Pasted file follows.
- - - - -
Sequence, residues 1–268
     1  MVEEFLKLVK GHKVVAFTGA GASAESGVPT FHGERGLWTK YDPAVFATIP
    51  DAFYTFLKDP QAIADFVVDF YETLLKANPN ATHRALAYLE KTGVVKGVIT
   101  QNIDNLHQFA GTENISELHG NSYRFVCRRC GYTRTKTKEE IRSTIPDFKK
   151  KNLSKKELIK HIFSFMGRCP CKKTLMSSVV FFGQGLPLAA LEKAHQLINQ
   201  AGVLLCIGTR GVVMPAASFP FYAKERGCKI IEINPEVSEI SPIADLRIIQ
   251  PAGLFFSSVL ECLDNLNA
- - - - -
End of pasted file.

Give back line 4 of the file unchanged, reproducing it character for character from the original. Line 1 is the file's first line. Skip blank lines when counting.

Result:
   101  QNIDNLHQFA GTENISELHG NSYRFVCRRC GYTRTKTKEE IRSTIPDFKK